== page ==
9 May, 2002 – Peru’s drive towards privitization suffered a setback following the decision by Duke Energy Corporation not to bid in next week’s auction for state-owned electricity companies Egasa and Egesur.

The US power company’s decision emerged in an interview by Duke Energy’s public affairs manager in Peru, Ernesto Garcia Calderon, with radio station RPP Wednesday. He said, “The main theme in our evaluation in the last months on whether to participate or not in the privatization of Egasa and Egesur has been on regulatory risk.” He said that foreign investors were dealing with a state agency, Osinerg, whose proceedures “totally lacked credibility”.

Garcia Calderon said the process of setting rates wasn’t based on technical criteria. He said rates should be set one or two years ahead of time, not four years, as it is almost impossible to predict when generating facilities will be built and go online.

The base price for the auction of regional electricity generating companies Generacion Electrica de Arequipa, or Egasa, and Generacion Electrica del Sur, or Egesur, was jointly set at $156m. The minimum price bidders must offer for Egasa is $139m, and for Egesur is $17m. Egasa’s energy output represents 5.7 per cent of Peru’s total electricity generation, while Egesur produces about 1 per cent.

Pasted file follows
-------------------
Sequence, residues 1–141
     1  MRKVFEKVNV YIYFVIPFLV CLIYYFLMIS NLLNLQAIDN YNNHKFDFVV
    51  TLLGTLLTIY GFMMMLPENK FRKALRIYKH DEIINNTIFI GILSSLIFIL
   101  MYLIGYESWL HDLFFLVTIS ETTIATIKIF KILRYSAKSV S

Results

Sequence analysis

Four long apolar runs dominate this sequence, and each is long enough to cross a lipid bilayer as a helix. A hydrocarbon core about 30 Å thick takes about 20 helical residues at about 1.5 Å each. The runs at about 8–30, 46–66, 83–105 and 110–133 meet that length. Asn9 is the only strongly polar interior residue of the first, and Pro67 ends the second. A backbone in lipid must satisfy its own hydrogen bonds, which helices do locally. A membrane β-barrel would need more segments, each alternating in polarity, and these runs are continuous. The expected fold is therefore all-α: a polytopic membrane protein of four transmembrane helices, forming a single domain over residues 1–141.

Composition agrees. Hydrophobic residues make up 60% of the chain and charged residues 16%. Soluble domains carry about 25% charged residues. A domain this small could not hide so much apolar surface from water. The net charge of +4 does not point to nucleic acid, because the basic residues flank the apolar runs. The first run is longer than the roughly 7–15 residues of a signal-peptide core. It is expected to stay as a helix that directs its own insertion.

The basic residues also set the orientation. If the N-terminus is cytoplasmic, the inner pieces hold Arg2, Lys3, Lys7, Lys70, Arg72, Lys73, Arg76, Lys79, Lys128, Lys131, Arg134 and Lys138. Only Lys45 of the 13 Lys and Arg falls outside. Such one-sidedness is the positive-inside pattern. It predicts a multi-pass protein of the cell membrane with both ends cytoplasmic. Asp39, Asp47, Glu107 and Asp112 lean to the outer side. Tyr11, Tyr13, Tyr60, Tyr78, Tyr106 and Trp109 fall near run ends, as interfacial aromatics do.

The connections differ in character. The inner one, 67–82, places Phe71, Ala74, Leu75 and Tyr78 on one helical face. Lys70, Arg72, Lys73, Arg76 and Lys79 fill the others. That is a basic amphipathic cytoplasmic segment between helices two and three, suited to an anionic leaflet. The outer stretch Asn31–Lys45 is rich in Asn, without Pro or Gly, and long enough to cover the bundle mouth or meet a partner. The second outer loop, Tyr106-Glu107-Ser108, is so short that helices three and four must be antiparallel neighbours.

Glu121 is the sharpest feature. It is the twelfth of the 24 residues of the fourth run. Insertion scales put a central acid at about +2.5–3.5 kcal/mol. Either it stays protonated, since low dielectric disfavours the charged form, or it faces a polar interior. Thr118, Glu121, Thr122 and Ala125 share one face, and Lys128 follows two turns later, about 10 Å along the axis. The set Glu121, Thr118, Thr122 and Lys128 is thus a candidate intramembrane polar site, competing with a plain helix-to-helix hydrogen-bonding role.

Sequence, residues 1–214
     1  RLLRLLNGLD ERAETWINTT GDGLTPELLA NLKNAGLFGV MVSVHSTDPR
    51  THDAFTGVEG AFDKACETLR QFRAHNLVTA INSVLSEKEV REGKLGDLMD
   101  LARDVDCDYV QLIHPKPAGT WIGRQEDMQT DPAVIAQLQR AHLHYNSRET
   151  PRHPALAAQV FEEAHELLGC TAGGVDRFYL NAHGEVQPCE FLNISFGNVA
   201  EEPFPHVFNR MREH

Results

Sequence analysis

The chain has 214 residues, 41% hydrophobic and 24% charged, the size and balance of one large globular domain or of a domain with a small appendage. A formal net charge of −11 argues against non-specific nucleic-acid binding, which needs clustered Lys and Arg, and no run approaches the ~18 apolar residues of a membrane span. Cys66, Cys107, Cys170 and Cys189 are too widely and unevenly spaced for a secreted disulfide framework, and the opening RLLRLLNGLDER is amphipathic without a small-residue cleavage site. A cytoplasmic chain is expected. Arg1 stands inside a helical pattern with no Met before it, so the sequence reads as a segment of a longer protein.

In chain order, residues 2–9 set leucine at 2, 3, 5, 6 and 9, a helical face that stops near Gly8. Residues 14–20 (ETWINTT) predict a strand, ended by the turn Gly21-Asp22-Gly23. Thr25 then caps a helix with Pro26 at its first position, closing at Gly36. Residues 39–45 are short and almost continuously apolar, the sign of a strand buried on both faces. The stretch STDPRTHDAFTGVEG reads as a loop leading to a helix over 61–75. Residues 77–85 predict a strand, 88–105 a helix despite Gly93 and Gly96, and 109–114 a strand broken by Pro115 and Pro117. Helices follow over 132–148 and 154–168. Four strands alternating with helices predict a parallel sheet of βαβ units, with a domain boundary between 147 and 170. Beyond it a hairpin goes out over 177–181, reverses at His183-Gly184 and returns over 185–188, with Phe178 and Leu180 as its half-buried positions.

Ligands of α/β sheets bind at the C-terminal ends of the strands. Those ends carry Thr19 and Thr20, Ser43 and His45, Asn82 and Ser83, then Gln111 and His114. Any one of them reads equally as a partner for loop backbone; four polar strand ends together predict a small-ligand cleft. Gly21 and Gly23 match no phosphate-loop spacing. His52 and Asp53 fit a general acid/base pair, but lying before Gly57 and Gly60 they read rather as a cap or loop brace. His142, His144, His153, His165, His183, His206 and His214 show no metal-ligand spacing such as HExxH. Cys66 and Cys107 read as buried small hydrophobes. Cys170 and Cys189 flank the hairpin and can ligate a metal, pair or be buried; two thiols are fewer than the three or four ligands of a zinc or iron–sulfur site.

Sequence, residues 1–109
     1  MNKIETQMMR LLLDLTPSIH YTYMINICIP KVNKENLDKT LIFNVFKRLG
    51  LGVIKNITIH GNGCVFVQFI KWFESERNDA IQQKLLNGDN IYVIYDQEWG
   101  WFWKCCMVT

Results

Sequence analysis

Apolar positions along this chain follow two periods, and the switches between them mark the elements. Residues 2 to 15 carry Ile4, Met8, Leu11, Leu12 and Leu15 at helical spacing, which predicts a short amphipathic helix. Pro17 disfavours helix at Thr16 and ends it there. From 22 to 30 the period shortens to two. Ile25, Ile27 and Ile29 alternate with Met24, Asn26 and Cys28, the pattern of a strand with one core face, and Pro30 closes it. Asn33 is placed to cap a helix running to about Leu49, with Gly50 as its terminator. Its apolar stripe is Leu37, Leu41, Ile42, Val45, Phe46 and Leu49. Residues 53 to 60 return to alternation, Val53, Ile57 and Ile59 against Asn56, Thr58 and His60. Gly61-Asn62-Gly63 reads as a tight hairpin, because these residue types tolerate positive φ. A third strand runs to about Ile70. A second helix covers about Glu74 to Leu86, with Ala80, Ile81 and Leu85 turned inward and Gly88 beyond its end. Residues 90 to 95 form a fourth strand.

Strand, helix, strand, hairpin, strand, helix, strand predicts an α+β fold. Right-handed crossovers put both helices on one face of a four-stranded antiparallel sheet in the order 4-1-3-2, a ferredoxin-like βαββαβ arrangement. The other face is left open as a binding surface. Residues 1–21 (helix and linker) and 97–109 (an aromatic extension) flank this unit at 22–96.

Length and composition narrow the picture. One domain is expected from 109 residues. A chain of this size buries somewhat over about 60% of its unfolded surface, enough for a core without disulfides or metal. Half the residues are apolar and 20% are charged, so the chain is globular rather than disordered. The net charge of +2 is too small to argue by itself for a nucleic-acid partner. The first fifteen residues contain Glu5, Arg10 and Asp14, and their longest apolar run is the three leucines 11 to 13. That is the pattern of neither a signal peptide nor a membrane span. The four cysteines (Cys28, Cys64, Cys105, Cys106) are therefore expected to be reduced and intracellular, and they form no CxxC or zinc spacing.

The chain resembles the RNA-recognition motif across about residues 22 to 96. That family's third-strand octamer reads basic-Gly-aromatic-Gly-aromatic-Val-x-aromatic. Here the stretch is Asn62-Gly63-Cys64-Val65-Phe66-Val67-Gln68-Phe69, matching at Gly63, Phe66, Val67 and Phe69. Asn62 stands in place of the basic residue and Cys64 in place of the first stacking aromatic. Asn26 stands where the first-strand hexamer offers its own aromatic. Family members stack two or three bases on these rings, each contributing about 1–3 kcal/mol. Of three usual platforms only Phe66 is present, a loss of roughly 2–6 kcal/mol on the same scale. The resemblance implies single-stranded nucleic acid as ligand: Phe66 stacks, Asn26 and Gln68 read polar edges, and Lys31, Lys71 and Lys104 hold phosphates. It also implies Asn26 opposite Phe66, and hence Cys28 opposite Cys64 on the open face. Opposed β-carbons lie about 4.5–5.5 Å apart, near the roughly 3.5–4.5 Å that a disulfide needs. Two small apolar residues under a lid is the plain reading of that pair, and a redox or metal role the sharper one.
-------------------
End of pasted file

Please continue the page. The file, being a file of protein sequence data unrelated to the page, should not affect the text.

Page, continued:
The auction is scheduled for May 15 and bids must be for both companies.
Among other potential bidders for the companies are US companies AES Corp, PSEG Global Inc and NRG Group Inc as well as Tractebel SA from Belgium and Swedish power group Statkraft AS.

The Finance Minister Pedro Pablo Kuczynski said on local radio, “I am very sorry that Duke has decided not to participate in the bidding, and I hope that the problems that they have can be corrected.”

The privatization process has met with considerable public opposition alyhough Duke insisted that this was not the reason for its decision. Further industrial action is planned by regional groups, according to local media.

The Peruvian government hope to raise a minimum of $700m through privatizations this year.